Pachter: Xbox One to Sell on Par with the PlayStation 4 with No DRM

by playstationiso on June 20, 2013

Now that Microsoft has done a 180 on its DRM policies for the Xbox One, Wedbush analyst Michael Pachter says that he is much more optimistic about the console this holiday season. Despite the $100 difference in price he believes that with six months until release, Microsoft will be able to level the playing field and now expects the Xbox One to sell as well as the PlayStation 4.

“As far as today’s announcement, we think that gamers will rejoice, and the focus will shift from Microsoft’s onerous policies to the price differential between the Xbox One (at $499) and the PS4 (at $399),” Pachter noted.

“The differential is due to the inclusion of Kinect (a high definition camera with a microphone array) with every Xbox One,” Pachter continued. “Microsoft intends to offer a more robust hardware bundle than Sony will offer, and Microsoft is convinced that consumers will ultimately appreciate the value proposition presented by Kinect.”

“Microsoft has not done a particularly good job of communicating the value proposition to consumers, but today’s announcement will remove an impediment to the company’s ability to get its message across.”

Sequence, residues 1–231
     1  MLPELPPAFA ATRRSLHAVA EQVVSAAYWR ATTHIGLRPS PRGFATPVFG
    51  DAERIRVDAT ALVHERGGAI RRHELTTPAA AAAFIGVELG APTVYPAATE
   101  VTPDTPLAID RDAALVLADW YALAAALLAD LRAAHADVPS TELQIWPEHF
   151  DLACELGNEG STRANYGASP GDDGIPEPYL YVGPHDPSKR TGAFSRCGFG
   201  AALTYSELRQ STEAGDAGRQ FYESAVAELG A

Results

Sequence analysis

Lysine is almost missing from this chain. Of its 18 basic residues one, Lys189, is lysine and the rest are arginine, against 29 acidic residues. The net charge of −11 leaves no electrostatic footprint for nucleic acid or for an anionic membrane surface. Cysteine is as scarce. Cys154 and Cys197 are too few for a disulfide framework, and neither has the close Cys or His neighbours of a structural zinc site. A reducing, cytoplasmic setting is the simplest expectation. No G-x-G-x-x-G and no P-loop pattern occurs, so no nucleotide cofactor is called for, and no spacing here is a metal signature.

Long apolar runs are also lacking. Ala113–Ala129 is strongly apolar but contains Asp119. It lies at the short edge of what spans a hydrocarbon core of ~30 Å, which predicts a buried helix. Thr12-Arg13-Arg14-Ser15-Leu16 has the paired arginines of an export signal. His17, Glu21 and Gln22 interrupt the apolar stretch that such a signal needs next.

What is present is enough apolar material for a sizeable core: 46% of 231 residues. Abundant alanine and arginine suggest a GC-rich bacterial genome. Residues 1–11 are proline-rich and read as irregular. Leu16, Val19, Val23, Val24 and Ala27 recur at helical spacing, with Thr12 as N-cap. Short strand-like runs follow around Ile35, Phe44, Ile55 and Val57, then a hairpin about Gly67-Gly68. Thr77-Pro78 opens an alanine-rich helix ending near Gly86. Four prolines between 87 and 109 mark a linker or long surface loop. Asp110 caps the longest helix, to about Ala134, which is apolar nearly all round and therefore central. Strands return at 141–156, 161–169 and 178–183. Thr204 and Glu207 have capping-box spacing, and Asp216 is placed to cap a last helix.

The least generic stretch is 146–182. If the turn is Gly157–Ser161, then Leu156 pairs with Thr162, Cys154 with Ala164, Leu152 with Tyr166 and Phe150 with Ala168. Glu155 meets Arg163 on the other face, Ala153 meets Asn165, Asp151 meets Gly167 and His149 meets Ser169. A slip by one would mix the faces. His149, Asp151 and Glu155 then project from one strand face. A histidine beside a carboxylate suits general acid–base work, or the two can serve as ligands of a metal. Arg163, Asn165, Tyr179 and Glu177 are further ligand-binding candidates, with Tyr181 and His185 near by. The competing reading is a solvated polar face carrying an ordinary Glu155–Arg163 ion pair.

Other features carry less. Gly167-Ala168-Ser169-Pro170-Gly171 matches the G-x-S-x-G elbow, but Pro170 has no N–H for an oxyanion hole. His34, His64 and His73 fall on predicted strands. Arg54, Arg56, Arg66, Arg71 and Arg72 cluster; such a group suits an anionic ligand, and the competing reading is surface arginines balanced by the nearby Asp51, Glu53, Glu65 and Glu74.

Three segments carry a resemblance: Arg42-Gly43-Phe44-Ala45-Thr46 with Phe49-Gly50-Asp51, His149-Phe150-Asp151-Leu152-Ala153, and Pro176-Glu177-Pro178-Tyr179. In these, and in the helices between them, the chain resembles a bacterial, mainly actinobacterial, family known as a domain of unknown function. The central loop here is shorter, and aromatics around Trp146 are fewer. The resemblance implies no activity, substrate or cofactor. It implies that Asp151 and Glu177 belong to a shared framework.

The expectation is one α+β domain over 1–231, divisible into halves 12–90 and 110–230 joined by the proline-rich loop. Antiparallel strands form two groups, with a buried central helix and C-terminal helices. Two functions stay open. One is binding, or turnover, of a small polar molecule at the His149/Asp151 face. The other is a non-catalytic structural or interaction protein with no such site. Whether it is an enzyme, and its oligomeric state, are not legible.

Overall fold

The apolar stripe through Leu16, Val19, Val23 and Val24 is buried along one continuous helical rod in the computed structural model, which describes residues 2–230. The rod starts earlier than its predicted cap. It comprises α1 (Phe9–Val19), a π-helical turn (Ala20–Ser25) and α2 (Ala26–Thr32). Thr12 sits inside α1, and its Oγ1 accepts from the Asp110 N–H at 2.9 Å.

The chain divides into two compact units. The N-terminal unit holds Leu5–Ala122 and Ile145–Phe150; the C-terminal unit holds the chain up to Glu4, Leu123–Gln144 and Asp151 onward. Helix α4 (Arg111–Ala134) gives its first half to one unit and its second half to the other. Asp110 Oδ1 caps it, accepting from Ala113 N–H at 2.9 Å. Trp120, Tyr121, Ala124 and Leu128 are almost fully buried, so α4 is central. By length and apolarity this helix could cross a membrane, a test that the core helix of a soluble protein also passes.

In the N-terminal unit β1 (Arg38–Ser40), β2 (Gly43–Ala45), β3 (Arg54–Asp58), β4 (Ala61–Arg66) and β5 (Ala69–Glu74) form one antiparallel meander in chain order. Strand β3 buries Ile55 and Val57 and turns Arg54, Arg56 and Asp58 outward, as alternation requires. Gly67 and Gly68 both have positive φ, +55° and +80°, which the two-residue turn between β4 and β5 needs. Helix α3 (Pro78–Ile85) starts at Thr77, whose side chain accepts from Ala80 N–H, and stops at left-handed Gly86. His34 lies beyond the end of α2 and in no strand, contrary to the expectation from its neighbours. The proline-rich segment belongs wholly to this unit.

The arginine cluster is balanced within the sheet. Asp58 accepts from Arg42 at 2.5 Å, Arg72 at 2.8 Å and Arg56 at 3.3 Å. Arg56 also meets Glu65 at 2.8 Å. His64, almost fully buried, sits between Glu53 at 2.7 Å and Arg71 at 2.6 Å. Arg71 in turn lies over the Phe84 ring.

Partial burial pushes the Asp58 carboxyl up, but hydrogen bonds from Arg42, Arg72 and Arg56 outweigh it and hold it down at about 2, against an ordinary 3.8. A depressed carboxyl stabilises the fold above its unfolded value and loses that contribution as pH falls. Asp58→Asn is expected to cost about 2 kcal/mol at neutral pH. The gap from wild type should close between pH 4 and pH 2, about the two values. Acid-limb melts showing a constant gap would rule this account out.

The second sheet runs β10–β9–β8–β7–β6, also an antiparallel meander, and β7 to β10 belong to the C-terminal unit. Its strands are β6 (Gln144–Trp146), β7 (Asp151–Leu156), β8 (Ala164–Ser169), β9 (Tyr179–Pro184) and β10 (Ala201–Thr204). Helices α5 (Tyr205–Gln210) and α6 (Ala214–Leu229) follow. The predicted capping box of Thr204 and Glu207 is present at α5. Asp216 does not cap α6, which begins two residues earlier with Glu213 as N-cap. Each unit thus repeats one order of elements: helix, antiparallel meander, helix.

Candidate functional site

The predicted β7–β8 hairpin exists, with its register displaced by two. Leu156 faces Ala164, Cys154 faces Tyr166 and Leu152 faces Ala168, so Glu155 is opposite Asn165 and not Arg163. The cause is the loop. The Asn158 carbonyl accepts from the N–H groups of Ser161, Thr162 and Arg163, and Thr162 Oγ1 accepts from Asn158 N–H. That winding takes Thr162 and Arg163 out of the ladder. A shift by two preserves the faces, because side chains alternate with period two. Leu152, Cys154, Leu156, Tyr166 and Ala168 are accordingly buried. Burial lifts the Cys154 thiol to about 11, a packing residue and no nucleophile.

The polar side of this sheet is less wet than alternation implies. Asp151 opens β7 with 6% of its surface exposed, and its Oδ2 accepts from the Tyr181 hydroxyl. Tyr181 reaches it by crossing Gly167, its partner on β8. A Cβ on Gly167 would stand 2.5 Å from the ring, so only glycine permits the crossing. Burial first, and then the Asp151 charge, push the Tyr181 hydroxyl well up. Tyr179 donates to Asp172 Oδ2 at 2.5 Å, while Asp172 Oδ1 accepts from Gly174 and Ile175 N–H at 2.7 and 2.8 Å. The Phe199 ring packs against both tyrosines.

However, if he is wrong and sales fall too far behind the PlayStation 4, he expects Microsoft will be ready to drop the price in 2014.

“We are confident that with six months of focused messaging, Microsoft can fully level the playing field with Sony, and we expect the Xbox One to sell as many units as the PS4. If we are wrong, we think that Microsoft is prepared to lower price next year.”

Pachter added now that DRM has been removed retailers, such as GameStop, will benefit despite the fact the games will be released day one digitally. He doesn’t expect digital sales for exclusive AAA titles on the Xbox One to grow beyond 50 percent.

“Ultimately, we think that no more than 50 percent of game sales will be in digital format, suggesting that GameStop’s used game business could be healthy for many years,” Pachter concluded.

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